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A study of Philippine Hokkien language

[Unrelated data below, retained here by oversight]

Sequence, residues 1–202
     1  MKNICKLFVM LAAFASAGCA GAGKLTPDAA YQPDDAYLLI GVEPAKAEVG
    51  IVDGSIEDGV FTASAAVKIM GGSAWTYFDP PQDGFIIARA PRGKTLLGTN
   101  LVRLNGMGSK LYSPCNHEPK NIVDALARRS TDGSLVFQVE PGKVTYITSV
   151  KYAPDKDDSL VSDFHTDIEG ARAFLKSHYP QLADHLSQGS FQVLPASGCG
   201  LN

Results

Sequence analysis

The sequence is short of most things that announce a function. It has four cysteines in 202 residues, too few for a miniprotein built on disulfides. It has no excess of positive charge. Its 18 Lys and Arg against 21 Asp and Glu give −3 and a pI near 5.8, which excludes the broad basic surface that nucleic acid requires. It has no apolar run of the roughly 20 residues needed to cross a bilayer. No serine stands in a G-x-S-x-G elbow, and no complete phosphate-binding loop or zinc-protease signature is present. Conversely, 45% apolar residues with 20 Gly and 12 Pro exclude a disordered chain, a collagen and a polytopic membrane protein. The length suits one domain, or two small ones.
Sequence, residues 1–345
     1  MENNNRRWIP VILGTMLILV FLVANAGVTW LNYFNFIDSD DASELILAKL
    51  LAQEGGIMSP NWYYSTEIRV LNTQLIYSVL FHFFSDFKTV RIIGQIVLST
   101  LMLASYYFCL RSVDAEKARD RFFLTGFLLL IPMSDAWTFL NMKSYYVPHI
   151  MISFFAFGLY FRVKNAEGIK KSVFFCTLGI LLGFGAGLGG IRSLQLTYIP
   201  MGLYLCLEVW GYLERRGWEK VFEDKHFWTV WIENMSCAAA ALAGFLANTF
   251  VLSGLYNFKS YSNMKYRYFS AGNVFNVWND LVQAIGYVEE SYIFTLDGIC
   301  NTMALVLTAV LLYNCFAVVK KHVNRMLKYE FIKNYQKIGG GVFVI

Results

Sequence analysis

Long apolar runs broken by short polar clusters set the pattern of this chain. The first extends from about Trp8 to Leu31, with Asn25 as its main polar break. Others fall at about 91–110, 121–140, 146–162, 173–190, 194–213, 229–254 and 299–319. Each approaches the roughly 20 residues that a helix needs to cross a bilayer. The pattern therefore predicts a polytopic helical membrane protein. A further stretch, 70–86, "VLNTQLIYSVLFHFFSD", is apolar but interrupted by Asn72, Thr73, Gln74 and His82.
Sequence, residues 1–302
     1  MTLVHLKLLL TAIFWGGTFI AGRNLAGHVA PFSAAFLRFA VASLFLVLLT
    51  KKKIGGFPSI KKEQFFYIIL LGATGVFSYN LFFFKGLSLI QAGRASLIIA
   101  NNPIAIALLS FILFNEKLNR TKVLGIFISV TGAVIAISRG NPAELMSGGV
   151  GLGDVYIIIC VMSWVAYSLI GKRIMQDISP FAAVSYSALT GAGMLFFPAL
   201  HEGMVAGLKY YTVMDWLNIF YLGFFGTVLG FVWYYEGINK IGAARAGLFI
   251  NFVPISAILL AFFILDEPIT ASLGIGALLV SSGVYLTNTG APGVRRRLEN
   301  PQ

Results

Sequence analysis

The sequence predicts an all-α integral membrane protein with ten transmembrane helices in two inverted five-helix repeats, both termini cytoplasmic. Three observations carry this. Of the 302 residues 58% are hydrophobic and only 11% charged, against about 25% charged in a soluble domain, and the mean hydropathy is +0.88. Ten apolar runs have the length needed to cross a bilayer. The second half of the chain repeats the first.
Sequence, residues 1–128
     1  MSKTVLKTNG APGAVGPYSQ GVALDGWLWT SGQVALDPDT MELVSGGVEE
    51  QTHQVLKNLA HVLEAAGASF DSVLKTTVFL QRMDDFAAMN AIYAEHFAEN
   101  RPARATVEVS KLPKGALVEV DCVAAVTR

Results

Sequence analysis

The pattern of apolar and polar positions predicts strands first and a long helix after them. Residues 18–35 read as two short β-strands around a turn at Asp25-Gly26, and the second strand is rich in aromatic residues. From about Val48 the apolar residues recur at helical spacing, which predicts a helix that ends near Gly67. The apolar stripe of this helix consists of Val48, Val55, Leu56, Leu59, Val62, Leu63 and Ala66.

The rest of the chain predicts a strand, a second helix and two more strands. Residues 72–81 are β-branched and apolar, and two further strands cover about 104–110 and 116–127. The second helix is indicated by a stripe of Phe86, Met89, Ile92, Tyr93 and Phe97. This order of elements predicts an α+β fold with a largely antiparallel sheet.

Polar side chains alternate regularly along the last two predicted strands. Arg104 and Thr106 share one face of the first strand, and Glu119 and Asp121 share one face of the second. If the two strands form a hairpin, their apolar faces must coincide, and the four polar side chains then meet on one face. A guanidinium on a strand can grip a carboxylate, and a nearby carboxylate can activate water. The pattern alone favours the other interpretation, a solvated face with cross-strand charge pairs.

Philippine Hokkien language is a variation of the Chinese Hokkien dialect of the Min Nan language as spoken by ethnic Chinese in the Philippines, who refer to their dialect as Lán-lâng-uē, or ‘our people’s language’. The first written records date back to 1575 when missionaries produced evangelizing materials, giving the dialect a documented history of 440 years. However, the ethnic Chinese in the Philippines did not gain recognition until 1973 with the promulgation of the New Nationality Law, which resolved their established status and recognized Philippine Hokkien as one of the country’s minority languages. This paper explores two dimensions of this dialect: First, to understand the phonology of Philippine Hokkien, we conducted traditional linguistic and sociolinguistic research. We found that the phonology of Philippine Hokkien shows some differences with the phonology of the dialect of Jinjiang, its place of origin, but also that after contact with surrounding languages, its vocabulary has become its most distinguishing feature. A large-scale questionnaire survey was conducted to explore the current language situation of the Chinese population in the Philippines. It was noticed that functional language transfer has almost already emerged in the young generation, and language transfer has already been completed in the student community. Second, to understand the troubles that Philippine Hokkien has faced through history and assess the feasibility of preserving the dialect, we first did a literature review to clarify the troubled past of the dialect, and we conducted an exploration from a language preservation perspective. I think that the position of Philippine Hokkien in the post-1973 situation must be redefined, and must be included in the Regulations for the Preservation of Special Languages Including First Languages, in order to replace the fragmented teaching model of Chinese community schools by the bilingual teaching model of public schools, for the purpose of effective preservation. The ethnic Chinese of the Philippines have a high level of support for Philippine Hokkien, as they feel the dialect represents their identity, which is the very reason the dialect has been able to survive to date without any legal protection. However, incorporation into the education system would be a more appropriate way to pass on the legacy, and it would be instrumental in enhancing the vitality of Philippine Hokkien.
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